This is book number six in Patrick O’Brian’s Aubrey/Maturin series. I enjoyed the previous one so much I thought it would be a difficult act to follow, but I actually found this one just as good – and maybe even better. If you haven’t yet had the pleasure of meeting Captain Jack Aubrey and Dr Stephen Maturin, I would recommend beginning with the first of the series, Master and Commander, and saving this review until you’ve caught up; otherwise, although I have tried to avoid too many spoilers in this post, you may come across something you would prefer not to know just yet.
The Fortune of War picks up the story shortly after Desolation Island ended. With his ship HMS Leopard declared unfit, Jack receives orders to return to England to take command of a forty-gun frigate, the Acasta. He and Stephen Maturin, accompanied by several other members of the crew, begin the long journey home as passengers on the courier ship La Flèche. Early in the voyage, however, they learn that war has broken out between Britain and America – the War of 1812 – and following a series of disasters, they are taken prisoner and find themselves brought to Boston, which is now enemy territory. At first, despite being wounded in the arm, Jack is not too worried; he’s sure there will be an exchange of prisoners soon and then they can be on their way again. The Americans, though, are convinced that there had been a spy on board the Leopard and are not about to let their suspects escape so easily!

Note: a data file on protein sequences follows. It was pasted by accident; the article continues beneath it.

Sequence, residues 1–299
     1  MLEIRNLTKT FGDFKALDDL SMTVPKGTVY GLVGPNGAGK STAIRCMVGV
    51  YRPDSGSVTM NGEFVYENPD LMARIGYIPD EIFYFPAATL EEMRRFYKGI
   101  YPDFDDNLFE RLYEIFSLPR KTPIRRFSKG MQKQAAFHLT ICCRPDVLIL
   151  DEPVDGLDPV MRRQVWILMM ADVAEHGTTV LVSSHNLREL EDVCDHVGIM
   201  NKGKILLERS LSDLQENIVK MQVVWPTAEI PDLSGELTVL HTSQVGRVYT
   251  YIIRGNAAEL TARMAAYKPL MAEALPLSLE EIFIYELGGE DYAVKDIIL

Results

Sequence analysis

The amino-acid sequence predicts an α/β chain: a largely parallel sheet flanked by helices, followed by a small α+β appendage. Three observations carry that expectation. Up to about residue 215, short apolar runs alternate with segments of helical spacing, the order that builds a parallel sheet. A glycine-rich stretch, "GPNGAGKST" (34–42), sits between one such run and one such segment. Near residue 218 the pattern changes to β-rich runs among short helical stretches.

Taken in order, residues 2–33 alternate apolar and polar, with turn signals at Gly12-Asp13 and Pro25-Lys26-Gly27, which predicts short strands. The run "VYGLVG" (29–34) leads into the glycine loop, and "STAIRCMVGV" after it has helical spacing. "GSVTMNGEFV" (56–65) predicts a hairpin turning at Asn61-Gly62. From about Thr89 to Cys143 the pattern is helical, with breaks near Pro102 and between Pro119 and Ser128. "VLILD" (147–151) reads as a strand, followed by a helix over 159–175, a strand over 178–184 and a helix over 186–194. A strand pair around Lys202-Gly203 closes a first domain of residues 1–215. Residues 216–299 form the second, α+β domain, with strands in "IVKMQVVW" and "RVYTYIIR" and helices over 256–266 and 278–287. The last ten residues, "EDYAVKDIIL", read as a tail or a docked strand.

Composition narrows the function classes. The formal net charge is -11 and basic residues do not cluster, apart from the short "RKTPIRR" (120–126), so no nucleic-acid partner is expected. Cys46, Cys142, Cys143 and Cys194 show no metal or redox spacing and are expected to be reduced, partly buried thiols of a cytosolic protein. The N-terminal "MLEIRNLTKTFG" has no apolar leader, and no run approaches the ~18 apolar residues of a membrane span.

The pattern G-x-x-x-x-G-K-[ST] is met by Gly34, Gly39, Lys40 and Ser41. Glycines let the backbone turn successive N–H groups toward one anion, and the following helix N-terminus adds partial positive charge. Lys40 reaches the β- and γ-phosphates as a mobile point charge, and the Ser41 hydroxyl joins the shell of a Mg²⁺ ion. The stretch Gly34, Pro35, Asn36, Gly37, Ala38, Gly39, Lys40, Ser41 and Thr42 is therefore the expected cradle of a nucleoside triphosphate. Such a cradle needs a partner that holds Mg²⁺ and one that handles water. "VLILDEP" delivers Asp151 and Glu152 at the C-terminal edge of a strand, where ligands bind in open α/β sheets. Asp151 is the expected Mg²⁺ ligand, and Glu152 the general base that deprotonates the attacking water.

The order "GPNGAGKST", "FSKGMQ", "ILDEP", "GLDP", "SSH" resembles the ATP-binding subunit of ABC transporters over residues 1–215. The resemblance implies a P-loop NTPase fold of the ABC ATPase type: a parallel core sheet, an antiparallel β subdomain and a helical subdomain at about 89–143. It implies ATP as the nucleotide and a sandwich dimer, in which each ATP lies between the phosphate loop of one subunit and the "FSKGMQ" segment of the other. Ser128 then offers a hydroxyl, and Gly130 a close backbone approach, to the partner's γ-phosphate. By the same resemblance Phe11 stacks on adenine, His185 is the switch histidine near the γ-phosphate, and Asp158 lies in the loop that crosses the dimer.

I really enjoyed this book, after an initial panic where I found I couldn’t remember what happened at the end of Desolation Island. I think I need to stop leaving such long gaps between books! Luckily, though, Jack gives a recap to the Admiral in the first chapter and this serves as a reminder for the reader too. Once I settled back into the flow of the story, I loved it, particularly the parts of the novel set in Boston where Stephen’s spying activities come to the forefront. This leads to exciting scenes which are different from anything we’ve read in the series so far.
Stephen also has his long-awaited reunion with Diana Villiers, the woman he loves and who broke his heart at the end of HMS Surprise – but Diana has changed and it seems that his own feelings for her have changed too. Despite his disillusionment I found Diana much easier to like in this book than I did in the earlier ones, although with so much still unresolved by the end, I was left wondering whether they will find any happiness in the next book or whether their relationship will continue down its tempestuous path.
I have stopped worrying about the nautical terminology in these novels. I appreciate the authenticity O’Brian brings to the naval scenes, the level of his research and of course, his writing ability, but I know I’m never going to be able to follow everything that is happening; as long as I can understand the outcome of each battle or manoeuvre I’m happy! I think this must be the first book in the series where Jack has not actually had a ship of his own to command, but he and Stephen still manage to get caught up in two naval actions, both of which are closely based on real events from the War of 1812.
The next book in the series is The Surgeon’s Mate and based on the quality of the last two books I’m really looking forward to it.